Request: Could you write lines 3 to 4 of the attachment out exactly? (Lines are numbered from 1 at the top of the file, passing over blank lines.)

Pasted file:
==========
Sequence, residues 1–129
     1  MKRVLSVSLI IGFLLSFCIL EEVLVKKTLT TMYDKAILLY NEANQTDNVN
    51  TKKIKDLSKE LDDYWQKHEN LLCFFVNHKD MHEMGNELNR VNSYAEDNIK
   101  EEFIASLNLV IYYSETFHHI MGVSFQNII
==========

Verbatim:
    51  TKKIKDLSKE LDDYWQKHEN LLCFFVNHKD MHEMGNELNR VNSYAEDNIK
   101  EEFIASLNLV IYYSETFHHI MGVSFQNII